Tori: I would like to do that someday. There was something in the wind a little while ago about a movie, where the script hadn't gotten picked up, about Georgia O'Keefe. I would have loved to have done that, but the script itself hasn't been picked up yet.

What surprises should we expect on your return visit to Chicago?

Tori: this is the final leg, so it's sort of like the long goodbye. A lot of people want their tours to finish because it was hell, and everything's a mess, the music's shit, it sounds terrible. But somehow the vibe of the audiences and the commitment of all of us as a crew, it's just sort of been a party that hasn't stopped for nine months. So when you see the party winding down... I'm thinking about a hot tub, and my shoulder, and soaking for three weeks. But at the same time there are tears.

Article On Tori In New Jersey's 'The Home News & Tribune'

Posted To The Torinews mailing list by Gina.

The Home News & Tribune
Friday September 27, 1996,
by Jennifer Salvato
"On the Go" section, page 7
Passionate singer/songwriter/performer is the volcanic goddess of pop....

In the art of songwriting and performing, crimson-haired songstress Tori Amos isn't afraid to take bold strokes. In concert, Amos accompanies her powerful, soprano voice with a piano or harpsichord to create complete musical mosaics.

Amos will bring her bewitching artistry to the State Theatre in New Brunswick, on Wednesday for a performance that is sure to fuse her musical genius with her unabashed, passionate - and often ethereal - personality. During a phone interview while on the West Coast leg of her tour, Amos offered some insight about her songwriting process.

"Its all part of going down the rabbit hole. Once you go down the rabbit hole you find many things down there," she said. "Each song is its own journey. One thing doesn't come first all the time. There's never a functional way of writing for me. Sometimes I'm just on hold waiting for someone to pick up the phone and a song comes."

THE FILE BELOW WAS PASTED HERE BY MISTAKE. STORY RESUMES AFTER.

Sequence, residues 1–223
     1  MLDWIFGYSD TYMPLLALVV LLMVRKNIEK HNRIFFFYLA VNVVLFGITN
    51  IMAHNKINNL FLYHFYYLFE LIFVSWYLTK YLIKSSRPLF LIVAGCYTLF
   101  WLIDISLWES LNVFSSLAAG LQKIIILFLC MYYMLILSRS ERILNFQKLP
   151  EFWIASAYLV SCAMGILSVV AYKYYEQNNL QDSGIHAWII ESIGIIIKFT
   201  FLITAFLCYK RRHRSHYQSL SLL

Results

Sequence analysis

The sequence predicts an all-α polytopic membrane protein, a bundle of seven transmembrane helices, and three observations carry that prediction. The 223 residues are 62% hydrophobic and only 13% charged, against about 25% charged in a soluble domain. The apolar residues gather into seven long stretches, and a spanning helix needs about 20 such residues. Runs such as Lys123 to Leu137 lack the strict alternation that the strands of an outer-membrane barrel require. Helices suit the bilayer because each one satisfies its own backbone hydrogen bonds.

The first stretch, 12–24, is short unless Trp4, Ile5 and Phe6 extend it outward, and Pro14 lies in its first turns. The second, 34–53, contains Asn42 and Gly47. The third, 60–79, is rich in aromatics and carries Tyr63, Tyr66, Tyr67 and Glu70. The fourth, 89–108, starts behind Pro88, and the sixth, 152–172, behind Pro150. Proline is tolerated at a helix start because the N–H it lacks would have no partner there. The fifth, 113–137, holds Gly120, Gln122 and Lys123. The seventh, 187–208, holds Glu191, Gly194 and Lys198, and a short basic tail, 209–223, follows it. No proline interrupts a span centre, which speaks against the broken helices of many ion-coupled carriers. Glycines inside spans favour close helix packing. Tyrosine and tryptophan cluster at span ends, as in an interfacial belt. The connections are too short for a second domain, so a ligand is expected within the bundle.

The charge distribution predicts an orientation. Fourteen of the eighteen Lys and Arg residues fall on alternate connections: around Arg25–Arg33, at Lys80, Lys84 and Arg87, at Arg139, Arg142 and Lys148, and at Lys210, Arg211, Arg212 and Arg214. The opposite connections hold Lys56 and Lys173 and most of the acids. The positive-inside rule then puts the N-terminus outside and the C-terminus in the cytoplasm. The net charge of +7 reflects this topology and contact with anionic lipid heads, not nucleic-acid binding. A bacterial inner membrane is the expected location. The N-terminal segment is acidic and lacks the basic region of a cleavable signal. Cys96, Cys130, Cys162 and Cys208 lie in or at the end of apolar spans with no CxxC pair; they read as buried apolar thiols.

Well, it's pretty clear that Amos wasn't listening to some light FM station while she was on hold. The songs on her third and lastest album, "Boys for Pele", certainly aren't for the non-thinker. On one level, ths songs are about Amos' relationships with men. But many, like "Mohammad My Friend," take a more universal look at the struggle between male and female power throughout history. Not surprisingly, the theme of "female empowerment" was running through Amos' personal life at the time she was doing the writing.

The album, which is Amos' first to be self-produced, is named for Pele, the Hawaiian goddess whom Amos credits with helping her to find her own "fire". "Men in my life, I felt, had access to this fire that I didn't have," she said. Fire, as Amos explained it, is symbolic of the power that comes from inside each of us. The kind of power that gives one freedom to create and live without needing the affirmation of an audience or anyone else around you, she said. While vacationing in Hawaii, after separating from her soul mate Eric Rosse, Amos says she felt the presence of Pele permeating the islands.

"It started to change my whole outlook on the idea of being connected to a kinetic force that isn't generated by anybody else, anything outside of yourself," she said.

Amos takes people to new places with her music and some fans are often struck by Amos' ability to turn pain into a beautiful compostition. She has written songs about rape, isolation and self-awakening.

"If you're living a full life, pain is one of the colors on the palette... It's one of the things that makes you remember you can feel. One of the things. Humor's another thing. They all work together. When you negate any of these emotions then you're not working with a very complex palette, you're just working with a couple of colors."